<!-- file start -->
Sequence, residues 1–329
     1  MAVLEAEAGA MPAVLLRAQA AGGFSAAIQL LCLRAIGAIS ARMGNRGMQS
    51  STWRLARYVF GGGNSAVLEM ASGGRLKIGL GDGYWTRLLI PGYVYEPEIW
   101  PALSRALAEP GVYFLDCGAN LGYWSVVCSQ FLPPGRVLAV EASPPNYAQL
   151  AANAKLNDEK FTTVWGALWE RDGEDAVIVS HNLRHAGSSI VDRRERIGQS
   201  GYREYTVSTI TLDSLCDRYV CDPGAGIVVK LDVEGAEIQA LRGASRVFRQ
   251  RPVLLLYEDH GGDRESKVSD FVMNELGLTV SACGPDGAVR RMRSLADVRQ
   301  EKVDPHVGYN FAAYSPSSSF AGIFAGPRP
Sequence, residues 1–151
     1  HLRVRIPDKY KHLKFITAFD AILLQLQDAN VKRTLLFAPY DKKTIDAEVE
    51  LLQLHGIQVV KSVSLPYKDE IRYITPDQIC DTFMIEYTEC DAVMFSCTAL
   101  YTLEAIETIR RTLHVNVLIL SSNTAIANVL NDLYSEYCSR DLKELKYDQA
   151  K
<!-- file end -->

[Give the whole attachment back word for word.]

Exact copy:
Sequence, residues 1–329
     1  MAVLEAEAGA MPAVLLRAQA AGGFSAAIQL LCLRAIGAIS ARMGNRGMQS
    51  STWRLARYVF GGGNSAVLEM ASGGRLKIGL GDGYWTRLLI PGYVYEPEIW
   101  PALSRALAEP GVYFLDCGAN LGYWSVVCSQ FLPPGRVLAV EASPPNYAQL
   151  AANAKLNDEK FTTVWGALWE RDGEDAVIVS HNLRHAGSSI VDRRERIGQS
   201  GYREYTVSTI TLDSLCDRYV CDPGAGIVVK LDVEGAEIQA LRGASRVFRQ
   251  RPVLLLYEDH GGDRESKVSD FVMNELGLTV SACGPDGAVR RMRSLADVRQ
   301  EKVDPHVGYN FAAYSPSSSF AGIFAGPRP
Sequence, residues 1–151
     1  HLRVRIPDKY KHLKFITAFD AILLQLQDAN VKRTLLFAPY DKKTIDAEVE
    51  LLQLHGIQVV KSVSLPYKDE IRYITPDQIC DTFMIEYTEC DAVMFSCTAL
   101  YTLEAIETIR RTLHVNVLIL SSNTAIANVL NDLYSEYCSR DLKELKYDQA
   151  K